A second attempt to extract $1.1 million from the Regional Transportation Commission for Muller Lane Parkway was defeated 3-2 on Thursday when Commissioner Mark Gardner voted with the majority.
Saying the transfer from federal CARES Act money to the general fund and then to the Regional Transportation Commission looked bad, Gardner agreed the county is under a legal obligation to move forward on the road.
“I understand our legal obligation under the Park Ranch development agreement, and I’m not trying to negate that.”
Commission Chairman John Engels argued that the money could be taken from the RTC and then disbursed over time to meet the contract obligation.
However, County Road Engineer Jon Erb pointed out that he would have to return to the commission every month as the county received invoices from CA Group, which is designing the road now.
Engels vehemently opposed transfer of the money to the RTC on Dec. 17, 2020, threatening legal action if it moved forward, which it did by a 3-2 vote.
Construction of Muller Parkway across property owned by Park Ranch Holdings has been the county’s responsibility for at least the past 14 years. Under the previous agreement with the Parks, the right of way would be deeded to the county for construction of the alternate route around Minden and Gardnerville.
While the specific route has changed since the name was first used in February 1991, the parkway has been on the books since the late 1980s as part of a larger transportation plan.
That plan also included a mid-Valley arterial and a route south of Minden and Gardnerville that would straighten out Waterloo Lane.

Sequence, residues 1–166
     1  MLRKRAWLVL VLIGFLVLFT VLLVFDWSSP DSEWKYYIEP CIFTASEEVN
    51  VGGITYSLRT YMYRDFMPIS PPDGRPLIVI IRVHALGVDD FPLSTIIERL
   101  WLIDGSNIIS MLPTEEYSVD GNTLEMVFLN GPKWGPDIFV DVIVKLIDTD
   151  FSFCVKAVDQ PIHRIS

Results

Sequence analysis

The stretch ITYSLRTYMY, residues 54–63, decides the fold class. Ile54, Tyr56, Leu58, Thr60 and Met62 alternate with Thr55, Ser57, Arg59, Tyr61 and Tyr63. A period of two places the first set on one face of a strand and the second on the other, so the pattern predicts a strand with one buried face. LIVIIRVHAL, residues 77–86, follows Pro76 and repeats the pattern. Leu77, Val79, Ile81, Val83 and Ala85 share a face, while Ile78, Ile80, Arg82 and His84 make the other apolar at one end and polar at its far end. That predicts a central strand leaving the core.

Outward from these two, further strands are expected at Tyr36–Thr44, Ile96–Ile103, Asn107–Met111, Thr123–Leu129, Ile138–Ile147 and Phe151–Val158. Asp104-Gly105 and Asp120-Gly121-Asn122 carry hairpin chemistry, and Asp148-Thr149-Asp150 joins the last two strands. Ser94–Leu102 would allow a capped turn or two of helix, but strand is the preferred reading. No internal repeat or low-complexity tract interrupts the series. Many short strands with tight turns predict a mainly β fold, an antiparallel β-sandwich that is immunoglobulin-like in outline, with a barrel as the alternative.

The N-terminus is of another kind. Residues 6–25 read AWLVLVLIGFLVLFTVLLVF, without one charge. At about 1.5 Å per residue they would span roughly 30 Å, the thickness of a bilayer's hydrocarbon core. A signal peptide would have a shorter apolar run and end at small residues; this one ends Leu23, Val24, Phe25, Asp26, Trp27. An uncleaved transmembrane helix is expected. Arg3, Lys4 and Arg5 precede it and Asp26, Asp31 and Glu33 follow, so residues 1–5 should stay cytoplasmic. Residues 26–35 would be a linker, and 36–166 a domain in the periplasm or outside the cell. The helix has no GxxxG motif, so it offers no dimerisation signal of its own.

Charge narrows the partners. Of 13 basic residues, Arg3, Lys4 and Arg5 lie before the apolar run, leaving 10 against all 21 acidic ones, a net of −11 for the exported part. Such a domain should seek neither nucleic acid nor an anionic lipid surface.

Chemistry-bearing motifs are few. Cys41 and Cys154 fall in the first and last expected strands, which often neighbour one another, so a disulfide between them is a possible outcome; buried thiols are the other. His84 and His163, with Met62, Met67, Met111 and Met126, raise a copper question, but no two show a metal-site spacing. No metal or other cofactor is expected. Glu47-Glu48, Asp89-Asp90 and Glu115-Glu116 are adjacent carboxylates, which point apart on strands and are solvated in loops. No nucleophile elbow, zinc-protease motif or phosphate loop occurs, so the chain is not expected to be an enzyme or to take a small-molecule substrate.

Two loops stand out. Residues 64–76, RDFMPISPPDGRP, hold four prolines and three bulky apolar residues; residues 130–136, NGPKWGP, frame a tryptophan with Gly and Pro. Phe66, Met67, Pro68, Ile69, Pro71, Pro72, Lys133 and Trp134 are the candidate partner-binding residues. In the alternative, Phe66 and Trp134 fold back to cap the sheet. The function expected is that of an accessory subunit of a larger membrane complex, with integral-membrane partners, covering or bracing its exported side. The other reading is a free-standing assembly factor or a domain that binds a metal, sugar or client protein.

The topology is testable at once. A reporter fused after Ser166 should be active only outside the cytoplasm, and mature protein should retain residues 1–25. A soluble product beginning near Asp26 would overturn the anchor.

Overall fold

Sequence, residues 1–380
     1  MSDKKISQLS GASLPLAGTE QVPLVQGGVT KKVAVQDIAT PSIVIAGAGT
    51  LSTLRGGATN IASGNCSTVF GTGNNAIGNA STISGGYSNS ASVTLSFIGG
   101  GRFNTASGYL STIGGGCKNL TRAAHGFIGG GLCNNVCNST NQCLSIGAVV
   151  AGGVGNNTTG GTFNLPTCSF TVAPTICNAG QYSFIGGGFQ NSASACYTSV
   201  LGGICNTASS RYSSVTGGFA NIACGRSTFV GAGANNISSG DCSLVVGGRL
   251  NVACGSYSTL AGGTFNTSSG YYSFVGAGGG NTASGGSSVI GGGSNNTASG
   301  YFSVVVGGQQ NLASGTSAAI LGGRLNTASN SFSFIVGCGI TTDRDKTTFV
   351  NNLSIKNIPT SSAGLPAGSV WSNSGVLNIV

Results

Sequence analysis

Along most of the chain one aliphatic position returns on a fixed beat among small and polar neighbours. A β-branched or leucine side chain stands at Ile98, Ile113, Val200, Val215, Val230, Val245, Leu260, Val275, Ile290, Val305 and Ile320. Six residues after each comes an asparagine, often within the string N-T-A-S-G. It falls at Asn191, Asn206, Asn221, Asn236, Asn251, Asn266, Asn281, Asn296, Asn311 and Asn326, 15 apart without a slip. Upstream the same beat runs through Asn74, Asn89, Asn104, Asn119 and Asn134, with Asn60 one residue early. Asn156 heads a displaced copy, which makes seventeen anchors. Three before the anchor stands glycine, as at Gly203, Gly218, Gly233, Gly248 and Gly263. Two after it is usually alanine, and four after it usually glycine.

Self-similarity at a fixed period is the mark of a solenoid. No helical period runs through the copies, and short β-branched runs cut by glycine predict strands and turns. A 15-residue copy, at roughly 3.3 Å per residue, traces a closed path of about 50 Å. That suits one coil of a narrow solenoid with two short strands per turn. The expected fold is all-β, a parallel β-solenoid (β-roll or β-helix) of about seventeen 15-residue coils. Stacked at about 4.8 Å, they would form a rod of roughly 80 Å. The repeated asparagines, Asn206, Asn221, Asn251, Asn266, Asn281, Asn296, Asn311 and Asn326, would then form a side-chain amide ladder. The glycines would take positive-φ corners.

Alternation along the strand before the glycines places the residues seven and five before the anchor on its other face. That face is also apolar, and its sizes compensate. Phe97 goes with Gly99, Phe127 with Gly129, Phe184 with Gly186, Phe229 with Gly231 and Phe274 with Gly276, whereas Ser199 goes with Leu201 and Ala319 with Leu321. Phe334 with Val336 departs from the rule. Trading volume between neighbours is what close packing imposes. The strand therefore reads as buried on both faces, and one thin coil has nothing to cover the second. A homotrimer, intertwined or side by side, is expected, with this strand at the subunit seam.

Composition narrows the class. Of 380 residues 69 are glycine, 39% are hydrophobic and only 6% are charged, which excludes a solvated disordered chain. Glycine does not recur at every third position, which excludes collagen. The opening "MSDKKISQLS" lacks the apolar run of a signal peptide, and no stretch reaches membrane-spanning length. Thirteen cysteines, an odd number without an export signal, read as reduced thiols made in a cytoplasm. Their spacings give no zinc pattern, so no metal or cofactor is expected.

However, the county hasn’t had the money to build any of those routes. Park attorney Mark Forsberg in 2019 asserted that the agreement for the right of way had expired.
To rescue the parkway, the county agreed to move 1,044 acres of receiving area from the Sleeping Elephant Ranch across from Topaz Ranch Estates to Park property located north of Minden.
Under a development agreement approved along with the master plan amendment, the Parks would be limited to 2,500 homes on their property to be built in six phases over 30 years.
That development agreement was the subject of a petition drive conducted by Commissioner Dave Nelson and wife Jeanne Shizuru and signed by Gardner and Commissioner Walt Nowosad. A neighbor along Orchard Road also sued the county over the Parkway alignment, but reached a settlement.
At the time the petition was filed, there was a question about whether the commission’s action was legislative or administrative. Under Nevada law, administrative action is not subject to a petition drive while legislative action is.
That prompted the Parks to sue the county and the committee, asserting that the petition dealt with an administrative action.
Last spring’s coronavirus outbreak hampered both the court case and the petition drive.
When the petition was turned in, clerks sampling signatures to see if they were viable discovered one of the pages hadn’t been notarized as required by Nevada law. That rendered it insufficient.
Shizuru and the committee challenged the ruling, and a visiting judge determined the petition insufficient. Then the judge heard arguments on whether the agreement was a legal target for a petition, and ruled that it was not.
Under the agreement, the county is obligated to build 2.4 miles of up to two lanes of the Parkway.
The rest is the responsibility of developers. It’s estimated that those two lanes will cost the county $12.5 million to build. The entire four-lane width would require three times that amount. The county sought a federal transportation grant last year but that was denied.
Engineers say getting the design work done for the road would improve the county’s chances of getting it built.
The developer of Virginia Ranch, located behind the Gardnerville Walmart is obligated to build four lanes from Grant Avenue to where the parkway now ends near Stodick Estates.
Under the agreement with the Parks, the county is obligated to build the road by 2026.